Confidence is the most important, all-encompassing skill your child desperately needs to do well in math (and in life).

Lack of confidence hinders your child's progress because they won't approach challenging problems.

Lack of confidence means your child shies away from difficult concepts and is not able to be as independent as they need to be.

Lack of confidence often spills over to other subjects (particularly science) and affects your child's confidence in their learning skills overall.

Unfortunately, many children struggle with confidence.
Unfortunately, your child is one of them.

Fortunately, confidence is a skill.
Confidence is like a muscle.
Your child can develop their confidence and maintain it.

That's right.
Confidence is not this mysterious quality unachievable for most.
It doesn’t require great math skills or special talents. It can be develop from the ground up, while your child is learning new concepts and even if they are still establishing their math fundamentals.
Even if they are struggling.

Confidence doesn't come from being great at math.
As a matter of fact, it comes from mistakes. Your child needs to experience making mistakes, understanding them and correcting them.

Hence, confidence doesn't require genius math skills or perfection but it does require consistency and methodical approach. And willingness to make mistakes and analyze them.

To gain unshakeable confidence, your child needs to start with basic examples, truly analyze them in-depth and understand them. Only then will they establish the understanding necessary to tackle more complex and challenging problems.

Instead, a lot of children do problems in the order the homework is assigned, which is to say randomly. Inevitably, they feel frustrated because they don't establish a solid in-depth understanding to tackle challenging or even intermediate problems. How could they, if they haven’t really learned how to solve the basic ones?

Hence, to develop confidence, your child needs to gradually increasing the level of difficulty of the problems they solve and attempt to solve them with less and less guidance.
To be confident in their ability to solve variety of different problems, including challenging examples and special cases, your child needs to use Deep Learning – solve each problem type until they solve 3 consecutive problems correctly.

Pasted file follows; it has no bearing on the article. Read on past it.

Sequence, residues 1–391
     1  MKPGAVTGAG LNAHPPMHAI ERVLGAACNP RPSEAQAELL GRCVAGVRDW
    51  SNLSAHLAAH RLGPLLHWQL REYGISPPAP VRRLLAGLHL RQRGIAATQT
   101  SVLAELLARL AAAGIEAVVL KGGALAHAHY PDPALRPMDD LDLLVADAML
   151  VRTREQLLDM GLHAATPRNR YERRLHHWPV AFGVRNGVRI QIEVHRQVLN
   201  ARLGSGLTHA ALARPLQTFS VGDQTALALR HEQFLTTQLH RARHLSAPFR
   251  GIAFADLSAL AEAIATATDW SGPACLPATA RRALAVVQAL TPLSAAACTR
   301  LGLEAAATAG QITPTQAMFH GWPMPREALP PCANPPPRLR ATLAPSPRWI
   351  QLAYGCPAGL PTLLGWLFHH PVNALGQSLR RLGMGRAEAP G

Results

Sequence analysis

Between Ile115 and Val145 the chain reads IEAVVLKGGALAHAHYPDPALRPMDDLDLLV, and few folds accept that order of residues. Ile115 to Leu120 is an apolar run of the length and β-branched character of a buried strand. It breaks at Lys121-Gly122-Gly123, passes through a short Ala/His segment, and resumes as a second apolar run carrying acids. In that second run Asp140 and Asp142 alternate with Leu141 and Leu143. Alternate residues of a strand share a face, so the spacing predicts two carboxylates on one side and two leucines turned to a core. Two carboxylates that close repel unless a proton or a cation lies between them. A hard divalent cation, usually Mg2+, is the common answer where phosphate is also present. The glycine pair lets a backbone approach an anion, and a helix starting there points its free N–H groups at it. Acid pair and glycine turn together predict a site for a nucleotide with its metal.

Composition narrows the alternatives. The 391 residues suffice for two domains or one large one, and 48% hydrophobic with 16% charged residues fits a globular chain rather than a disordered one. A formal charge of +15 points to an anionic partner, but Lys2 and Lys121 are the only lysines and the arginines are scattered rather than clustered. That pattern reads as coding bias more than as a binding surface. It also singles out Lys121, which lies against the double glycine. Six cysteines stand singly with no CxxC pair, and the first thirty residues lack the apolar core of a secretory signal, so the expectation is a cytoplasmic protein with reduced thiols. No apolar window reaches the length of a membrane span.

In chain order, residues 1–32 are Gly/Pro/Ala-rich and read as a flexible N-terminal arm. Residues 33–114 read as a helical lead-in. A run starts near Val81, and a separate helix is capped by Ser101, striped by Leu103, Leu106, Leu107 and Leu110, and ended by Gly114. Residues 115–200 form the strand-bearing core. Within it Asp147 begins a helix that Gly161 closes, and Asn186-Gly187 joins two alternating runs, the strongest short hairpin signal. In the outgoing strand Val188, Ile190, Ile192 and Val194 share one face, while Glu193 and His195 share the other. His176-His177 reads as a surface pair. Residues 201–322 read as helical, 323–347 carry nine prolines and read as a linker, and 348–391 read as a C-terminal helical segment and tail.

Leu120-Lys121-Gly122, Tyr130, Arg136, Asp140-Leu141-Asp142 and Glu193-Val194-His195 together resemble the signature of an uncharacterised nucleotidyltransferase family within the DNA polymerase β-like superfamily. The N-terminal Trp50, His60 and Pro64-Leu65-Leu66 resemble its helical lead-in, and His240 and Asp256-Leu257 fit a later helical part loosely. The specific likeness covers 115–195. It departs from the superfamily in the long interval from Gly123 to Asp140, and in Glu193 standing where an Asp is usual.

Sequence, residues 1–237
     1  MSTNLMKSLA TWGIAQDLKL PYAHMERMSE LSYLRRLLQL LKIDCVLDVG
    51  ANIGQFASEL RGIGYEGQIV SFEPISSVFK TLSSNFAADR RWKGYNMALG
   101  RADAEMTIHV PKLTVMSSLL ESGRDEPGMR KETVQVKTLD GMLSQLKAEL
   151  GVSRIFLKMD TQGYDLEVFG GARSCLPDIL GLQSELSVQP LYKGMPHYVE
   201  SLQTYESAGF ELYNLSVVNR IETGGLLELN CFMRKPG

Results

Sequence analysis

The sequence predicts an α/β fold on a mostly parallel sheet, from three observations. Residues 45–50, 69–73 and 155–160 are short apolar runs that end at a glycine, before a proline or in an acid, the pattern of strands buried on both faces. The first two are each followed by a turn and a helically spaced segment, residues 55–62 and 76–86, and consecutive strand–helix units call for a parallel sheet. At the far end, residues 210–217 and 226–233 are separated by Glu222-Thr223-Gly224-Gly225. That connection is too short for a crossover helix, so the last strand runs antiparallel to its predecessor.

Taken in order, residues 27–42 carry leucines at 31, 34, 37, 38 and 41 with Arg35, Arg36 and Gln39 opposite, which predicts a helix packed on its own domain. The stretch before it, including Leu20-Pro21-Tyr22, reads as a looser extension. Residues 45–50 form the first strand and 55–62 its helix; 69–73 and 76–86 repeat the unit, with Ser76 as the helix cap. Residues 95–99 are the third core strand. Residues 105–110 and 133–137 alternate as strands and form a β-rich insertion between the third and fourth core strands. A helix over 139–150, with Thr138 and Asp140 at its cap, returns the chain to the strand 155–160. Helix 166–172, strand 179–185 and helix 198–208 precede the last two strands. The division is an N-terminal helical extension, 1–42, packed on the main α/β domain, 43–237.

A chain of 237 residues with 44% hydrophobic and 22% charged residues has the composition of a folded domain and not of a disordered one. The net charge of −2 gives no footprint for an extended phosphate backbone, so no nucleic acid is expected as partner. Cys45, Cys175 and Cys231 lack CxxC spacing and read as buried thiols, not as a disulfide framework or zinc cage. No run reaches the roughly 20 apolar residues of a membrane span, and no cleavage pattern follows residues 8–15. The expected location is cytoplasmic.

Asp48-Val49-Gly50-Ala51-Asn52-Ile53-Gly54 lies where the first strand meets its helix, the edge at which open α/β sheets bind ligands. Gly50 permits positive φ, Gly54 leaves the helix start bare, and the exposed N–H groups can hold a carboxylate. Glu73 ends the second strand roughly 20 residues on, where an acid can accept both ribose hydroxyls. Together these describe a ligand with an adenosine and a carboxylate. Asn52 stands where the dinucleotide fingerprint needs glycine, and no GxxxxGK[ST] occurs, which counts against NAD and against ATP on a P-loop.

While applying all of these methods, your child needs to remember that making mistakes is the essence of learning. It is not the reason to feel discouraged or “stupid”. It’s a sign that they are learning new things and challenging themselves.

That's right – mistakes are a sign of progress. The key point is to face problems that are challenging but attainable.

Your Child’s Potential For Improvement

Your Child’s Potential For Improvement

Homework is not enough
Your child needs to learn multiple variations of problems. Each topics consists of several major types your child needs to master to do well. Even if the homework doesn't include all of them, tests most likely do.
Your child needs to solve problems independently to gain confidence, feel strong and be prepared for tests. Simply solving problems isn't enough.
Foundations of math
In order for your child to understand math concepts in-depth and build the foundation for success in their future math classes, they need to become fluent and confident in the fundamentals of math.
Eliminate your child's weaknesses
Your child needs to use homework and expand on it to identify and eliminate their unique weaknesses, instead of simply completing the homework. It will help them get better grades, progress faster, gain confidence and so much more.